“. . . the aim is to burn through to first thoughts, to the place where energy is unobstructed by social politeness or the internal censor, to the place where you are writing what your mind actually sees and feels, not what it thinks it should see or feel. It’s a great opportunity to capture the oddities of your mind. Explore the rugged edge of your thought. Like grating a carrot, give the paper the colorful coleslaw of your consciousness.”

When I found this book four years ago, I had just left my Minnesota home for the East Coast. My upbringing and culture had been instantly reduced to stereotypes. I was a stereotype. Throughout Writing Down the Bones, Natalie is describing her own experiences living in Minnesota. It’s nothing special. She studied at the Minnesota Zen Center in Minneapolis. She wrote at the diner with orange booths in Owatonna. But that night in the attic bedroom, it felt like a secret language she was speaking solely for my benefit. She was teaching in schools, writing poems, practicing zazen, getting a divorce — all in Minnesota. It wasn’t even that I loved Minnesota — I just felt alone. On that night, in those pages, I was less alone.

Life happens in no particular order and each moment is just each moment. There’s the drunk man on the street and the stray cat on the back porch and the coffee you spilled on your shoes. There’s the thought in your head and the pen in your hand. There’s the notebook on the table. There’s the word you have written that someone else will read. It just happens. Each moment.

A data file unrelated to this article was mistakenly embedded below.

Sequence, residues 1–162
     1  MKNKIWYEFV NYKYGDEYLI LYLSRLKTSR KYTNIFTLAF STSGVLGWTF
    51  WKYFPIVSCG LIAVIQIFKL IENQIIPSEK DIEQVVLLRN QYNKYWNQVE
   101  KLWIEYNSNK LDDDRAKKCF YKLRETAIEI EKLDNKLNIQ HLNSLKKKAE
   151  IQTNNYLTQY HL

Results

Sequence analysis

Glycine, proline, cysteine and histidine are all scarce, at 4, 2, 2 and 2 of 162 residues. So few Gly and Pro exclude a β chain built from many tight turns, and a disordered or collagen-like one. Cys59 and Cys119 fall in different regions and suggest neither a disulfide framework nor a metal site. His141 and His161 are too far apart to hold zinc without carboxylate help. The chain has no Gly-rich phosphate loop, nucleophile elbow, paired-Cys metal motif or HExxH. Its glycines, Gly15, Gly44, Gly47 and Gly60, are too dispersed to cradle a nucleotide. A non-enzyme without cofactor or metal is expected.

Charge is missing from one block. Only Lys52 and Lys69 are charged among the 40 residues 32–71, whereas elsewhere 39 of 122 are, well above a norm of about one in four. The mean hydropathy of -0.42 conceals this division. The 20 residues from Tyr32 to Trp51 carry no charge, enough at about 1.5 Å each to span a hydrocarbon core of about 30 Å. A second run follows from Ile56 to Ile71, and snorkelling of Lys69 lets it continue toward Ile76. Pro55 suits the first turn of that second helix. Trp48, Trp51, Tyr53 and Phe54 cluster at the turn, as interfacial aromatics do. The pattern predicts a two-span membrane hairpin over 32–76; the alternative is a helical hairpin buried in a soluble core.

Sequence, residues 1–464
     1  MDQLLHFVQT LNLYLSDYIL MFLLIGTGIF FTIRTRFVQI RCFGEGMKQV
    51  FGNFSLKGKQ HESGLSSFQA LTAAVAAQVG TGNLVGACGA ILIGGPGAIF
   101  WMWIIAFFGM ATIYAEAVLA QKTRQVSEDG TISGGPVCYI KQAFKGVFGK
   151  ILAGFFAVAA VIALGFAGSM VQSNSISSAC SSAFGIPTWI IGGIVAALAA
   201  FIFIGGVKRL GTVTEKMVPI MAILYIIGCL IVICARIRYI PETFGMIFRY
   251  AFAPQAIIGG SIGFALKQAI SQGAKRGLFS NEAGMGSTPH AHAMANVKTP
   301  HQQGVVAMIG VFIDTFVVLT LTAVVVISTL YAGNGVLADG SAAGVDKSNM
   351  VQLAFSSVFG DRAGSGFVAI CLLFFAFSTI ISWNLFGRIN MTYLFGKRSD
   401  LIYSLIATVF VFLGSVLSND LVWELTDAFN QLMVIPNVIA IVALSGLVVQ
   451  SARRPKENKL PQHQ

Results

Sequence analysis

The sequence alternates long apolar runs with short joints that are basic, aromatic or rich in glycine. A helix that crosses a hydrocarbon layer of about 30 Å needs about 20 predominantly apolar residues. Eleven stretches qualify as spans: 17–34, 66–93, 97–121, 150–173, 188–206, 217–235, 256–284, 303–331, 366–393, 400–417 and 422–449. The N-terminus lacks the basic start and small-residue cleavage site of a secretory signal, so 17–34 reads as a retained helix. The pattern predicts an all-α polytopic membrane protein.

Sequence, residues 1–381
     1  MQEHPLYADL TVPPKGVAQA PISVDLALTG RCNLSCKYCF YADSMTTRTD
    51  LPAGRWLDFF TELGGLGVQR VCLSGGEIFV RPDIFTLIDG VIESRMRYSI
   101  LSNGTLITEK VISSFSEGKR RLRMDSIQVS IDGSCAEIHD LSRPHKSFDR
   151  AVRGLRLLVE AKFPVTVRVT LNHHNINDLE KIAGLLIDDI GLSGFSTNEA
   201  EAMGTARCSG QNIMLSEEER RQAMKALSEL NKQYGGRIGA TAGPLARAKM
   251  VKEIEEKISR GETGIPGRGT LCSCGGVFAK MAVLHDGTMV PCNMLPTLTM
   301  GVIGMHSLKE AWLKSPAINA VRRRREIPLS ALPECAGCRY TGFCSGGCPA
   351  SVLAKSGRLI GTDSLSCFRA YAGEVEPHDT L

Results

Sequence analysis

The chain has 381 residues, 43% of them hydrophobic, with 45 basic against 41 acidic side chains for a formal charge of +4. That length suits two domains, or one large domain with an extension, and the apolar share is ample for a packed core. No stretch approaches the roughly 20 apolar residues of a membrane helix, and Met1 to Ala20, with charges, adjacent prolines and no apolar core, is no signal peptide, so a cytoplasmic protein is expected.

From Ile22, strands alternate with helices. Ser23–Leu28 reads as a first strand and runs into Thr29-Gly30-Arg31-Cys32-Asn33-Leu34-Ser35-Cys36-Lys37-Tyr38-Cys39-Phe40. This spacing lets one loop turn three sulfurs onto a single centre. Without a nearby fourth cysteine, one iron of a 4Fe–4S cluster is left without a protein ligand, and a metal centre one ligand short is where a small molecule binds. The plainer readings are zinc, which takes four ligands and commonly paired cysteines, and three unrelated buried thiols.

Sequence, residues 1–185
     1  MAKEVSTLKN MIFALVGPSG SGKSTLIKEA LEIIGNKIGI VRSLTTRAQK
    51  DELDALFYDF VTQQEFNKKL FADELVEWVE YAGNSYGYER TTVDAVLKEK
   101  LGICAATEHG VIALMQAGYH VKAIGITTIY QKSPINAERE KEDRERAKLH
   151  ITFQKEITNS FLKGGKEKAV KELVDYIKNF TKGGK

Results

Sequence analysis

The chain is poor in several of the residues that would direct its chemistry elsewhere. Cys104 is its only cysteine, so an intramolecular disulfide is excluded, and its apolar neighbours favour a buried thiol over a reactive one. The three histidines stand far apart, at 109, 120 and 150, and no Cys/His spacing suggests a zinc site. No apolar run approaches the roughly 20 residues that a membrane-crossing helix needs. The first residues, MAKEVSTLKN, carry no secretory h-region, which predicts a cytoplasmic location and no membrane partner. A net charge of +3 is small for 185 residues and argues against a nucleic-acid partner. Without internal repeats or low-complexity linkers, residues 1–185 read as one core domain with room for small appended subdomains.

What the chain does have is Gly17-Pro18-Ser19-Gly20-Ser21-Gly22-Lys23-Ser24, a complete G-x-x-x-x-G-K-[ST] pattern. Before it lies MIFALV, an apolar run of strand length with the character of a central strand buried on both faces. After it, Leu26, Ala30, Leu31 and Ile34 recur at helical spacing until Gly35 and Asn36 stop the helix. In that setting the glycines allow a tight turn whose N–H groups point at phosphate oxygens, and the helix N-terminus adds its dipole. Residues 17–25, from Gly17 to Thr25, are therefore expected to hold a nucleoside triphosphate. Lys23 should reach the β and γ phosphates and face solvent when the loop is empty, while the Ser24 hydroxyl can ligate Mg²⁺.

I am learning how to be vulnerable these days. How to open up wide and say This is it, this is really it. This is who I am. Sometimes it hurts and I don’t mean in a good way. It just hurts. Stretching becomes cracking, splitting, breaking.

I am also learning how to share.

I am also learning how to speak.

“Our lives are at once ordinary and mythical. We live and die, age beautifully or full of wrinkles. We wake in the morning, buy yellow cheese, and hope we have enough money to pay for it. At the same instant we have these magnificent hearts that pump through all sorrow and all winters we are alive on the earth. We are important and our lives are important, magnificent really, and their details are worthy to be recorded. This is how writers must think, this is how we must sit down with pen in hand. We were here; we are human beings; this is how we lived.”

Ask Natalie Goldberg into your heart. I’m serious. Hers is the generous voice that forgives me for my doubt and tells me to keep going. She asks me what I’m afraid of and shows me the path that’s already in front of me, that my feet are already walking. She hands me the pen again and says, “Here. Just write. Go.”

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4 Comments

  1. Kathy Fish said on 02/08/12 at 12:53 pm Reply

    Terrific review of a life-changing book. Long before i ever began writing seriously, I mentioned to a co-worker that I enjoyed writing stories. Anyway, word got to another person in the office I hardly knew and one day she walked up to me and gave me this book, as a gift. It had similarly profound effect on me. Thanks for the reminder.

    Reply

    Lisa Buchs said on 02/08/12 at 4:59 pm

    Thanks Kathy! Anytime someone tells me they want to write, I tell them to read this book. I think I might start gifting it out too – that’s a great idea!

  2. Jordan Blum said on 02/10/12 at 11:46 am Reply

    I’d argue that most of our favorite pieces are found by accident; you pick up a book or click on a random poem and it may just change your life. And I relate to the secret writer persona. Hell, 2 – 3 a.m. is when I’m most passionate and motivated to write, and while I’d like to have my pieces published, I’m not sure I want them read (and thus, judged).

    Reply

    Lisa Buchs said on 02/10/12 at 5:48 pm

    I agree. I always open up a random book or two when I’m in a bookshop…just in case.